Understanding why enteric vaccines work less well in resource poor settings will lead to more lives saved

Vaccines prevent us from getting seriously ill from infectious diseases and are live savers. Children in resource poor settings heavily rely on this protection, but despite advances in vaccine research, enteric vaccines underperform in precisely these settings, where they are needed the most.

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Diarrhoea and vomiting due to Rotavirus infections is a disease that will affect almost every child in the world, but mortality disproportionately affects children in low-income regions such as Africa and South East Asia. The introduction of Rotavirus vaccines in 2006 together with improved sanitation have reduced mortality from half a million to 130000 1,2. Over 120 countries have now adopted routine Rotavirus vaccination into their infant immunisation schedules. Enteric vaccine development has concentrated on live attenuated oral vaccines, consisting of live virus that no longer causes disease but is able to replicate in the gut of the host and produce a strong local immune response at the gut mucosa. The oral administration is also well suited for resource poor settings 3.

The reasons for underperformance of enteric vaccines in these settings are not well understood but are likely to be multifactorial. In the Rotavirus Vaccine Immunogenicity study (RoVI study) we set out to systematically investigate several factors that are likely to contribute to this problem. We recruited and followed up three mother-infant cohorts of participants at two resource limited locations that experience low vaccine effectiveness: Vellore in India and Blantyre in Malawi, as well as a high-income, high vaccine effectiveness control cohort in Liverpool, UK. In total we followed 664 mother-infant pairs throughout the first three months of the infants’ live, spanning the newborn immunisation schedule. All infants in the three countries received the same two dose oral rotavirus vaccine, which is licensed globally.

We first confirmed that the gap in vaccine immunogenicity existed between our study cohorts using the internationally accepted measure of seroconversion, whereby an anti-Rotavirus (anti-RV) antibody concentration is reached post-vaccination which protects the infant from serious Rotavirus (RV) disease. Our data showed that 28% of infants in the India cohort, 23% infants in Malawi cohort, and 53% infants in the UK cohort seroconverted. Another form of vaccine response that is not formally validated as a measure for protection, but which we have taken into consideration in the RoVI study, is the shedding of Rotavirus Vaccine strain (ORV) in the stool of vaccinated individuals. We used this as an indirect measure of “vaccine take”; and the differences were even more striking. In the Indian cohort, we observed a high rate of infection with a neonatal RV strain in the first week of life, this was not observed in Malawi or the UK. Our data showed that this neonatal infection is likely to play an important role in how well the Indian infants responded to vaccination.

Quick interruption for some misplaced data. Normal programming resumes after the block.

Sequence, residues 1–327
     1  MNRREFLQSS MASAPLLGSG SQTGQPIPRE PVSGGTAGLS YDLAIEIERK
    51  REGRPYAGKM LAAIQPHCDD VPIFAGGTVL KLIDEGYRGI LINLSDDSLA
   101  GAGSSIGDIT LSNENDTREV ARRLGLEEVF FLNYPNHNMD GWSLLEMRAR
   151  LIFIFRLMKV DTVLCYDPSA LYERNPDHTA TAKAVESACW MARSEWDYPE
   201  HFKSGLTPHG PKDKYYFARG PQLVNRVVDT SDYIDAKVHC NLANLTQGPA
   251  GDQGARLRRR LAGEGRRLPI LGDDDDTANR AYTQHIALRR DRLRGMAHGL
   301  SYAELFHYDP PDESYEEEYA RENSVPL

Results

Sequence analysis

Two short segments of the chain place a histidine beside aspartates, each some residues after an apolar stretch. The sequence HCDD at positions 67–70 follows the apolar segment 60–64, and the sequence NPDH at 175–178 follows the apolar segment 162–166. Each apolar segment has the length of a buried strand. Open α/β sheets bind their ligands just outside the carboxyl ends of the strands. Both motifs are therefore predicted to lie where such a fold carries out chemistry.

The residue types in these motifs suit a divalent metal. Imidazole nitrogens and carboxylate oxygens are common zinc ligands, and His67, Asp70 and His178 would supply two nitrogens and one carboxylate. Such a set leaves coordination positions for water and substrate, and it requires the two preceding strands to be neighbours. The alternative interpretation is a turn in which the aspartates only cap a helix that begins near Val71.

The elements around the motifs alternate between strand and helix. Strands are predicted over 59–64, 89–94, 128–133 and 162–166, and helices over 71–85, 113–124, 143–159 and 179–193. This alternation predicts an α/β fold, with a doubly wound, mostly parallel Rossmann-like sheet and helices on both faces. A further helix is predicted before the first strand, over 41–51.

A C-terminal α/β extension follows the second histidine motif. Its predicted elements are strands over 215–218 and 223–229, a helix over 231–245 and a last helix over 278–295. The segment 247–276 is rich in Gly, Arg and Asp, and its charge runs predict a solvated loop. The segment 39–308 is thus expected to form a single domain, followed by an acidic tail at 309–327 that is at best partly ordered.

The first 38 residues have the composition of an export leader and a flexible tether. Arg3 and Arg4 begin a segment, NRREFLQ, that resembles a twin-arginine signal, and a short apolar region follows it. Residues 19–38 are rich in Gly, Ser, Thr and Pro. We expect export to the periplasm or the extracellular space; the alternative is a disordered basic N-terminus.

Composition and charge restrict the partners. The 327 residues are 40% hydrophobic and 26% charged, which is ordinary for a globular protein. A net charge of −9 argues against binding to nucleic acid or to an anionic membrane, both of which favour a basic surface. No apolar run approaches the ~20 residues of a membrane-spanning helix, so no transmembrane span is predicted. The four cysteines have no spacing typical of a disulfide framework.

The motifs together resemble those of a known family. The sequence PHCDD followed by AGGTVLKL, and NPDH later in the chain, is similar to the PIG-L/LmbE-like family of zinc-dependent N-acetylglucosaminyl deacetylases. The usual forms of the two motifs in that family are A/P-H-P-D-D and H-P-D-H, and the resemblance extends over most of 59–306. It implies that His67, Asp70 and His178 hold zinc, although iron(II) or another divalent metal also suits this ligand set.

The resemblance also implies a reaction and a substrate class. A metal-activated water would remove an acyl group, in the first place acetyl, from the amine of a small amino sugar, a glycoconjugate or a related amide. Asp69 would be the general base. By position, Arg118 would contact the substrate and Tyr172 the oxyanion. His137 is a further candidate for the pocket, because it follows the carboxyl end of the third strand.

We investigated the role that maternal antibody transfer plays in the infant vaccine response in three cohorts.

Mothers pass on antibodies through the placenta before birth and in their breastmilk to protect their child from pathogens 4. Resource poor settings tend to see higher levels of RV re-infection in adults and therefore higher antibody levels in mothers. It has been shown that RV-specific secretory Immunoglobulin A (sIgA) antibodies in breastmilk can reduce the infectivity of the vaccine strain, thereby preventing a strong immune response from the infant 4–6. However, withholding breastfeeding before a dose of oral vaccine had no significant effect on the vaccine response of infants 7.  It is plausible that high levels of RV-specific antibody present in the mother and transferred through the placenta could interfere with the infants’ ability to replicate the vaccine virus and on the immune response to the vaccine 6. Disentangling the effects of maternal serum from breastmilk RV antibody on whether a child seroconverted or not is challenging.

We observed that in India and Malawi those infants whose mothers had higher levels of serum RV-antibodies had poorer immune responses to rotavirus vaccine, and shed less ORV. However, despite similar levels of maternal serum antibody to those observed in Indian mothers, vaccine shedding was not inhibited in UK infants. This highlights the potential for passively acquired antibodies to confer direct protection against viral infections (including those caused by ORV) arising at the gut mucosa. It also suggests that factors affecting the infant gut mucosa are likely to be key mediators of maternal antibody interference with ORV, rather than maternal exposure as previously hypothesized.

The second factor we investigated is whether differences in infant gut microbiota development between the cohorts plays a part in oral rotavirus vaccine immunogenicity and take.

The human gut microbiota plays an important role in intestinal and immunological development and maturation 8,9. It is therefore reasonable to expect that it will also influence immune responses to oral vaccines. Enteric live-attenuated vaccines need to replicate in the intestinal tract, in direct interaction with the intestinal flora and in an environment that is influenced and shaped by it; hence the microbiota is also likely to directly and/or indirectly impact on efficient vaccine strain replication, necessary to elicit a protective local immune response at the gut mucosa.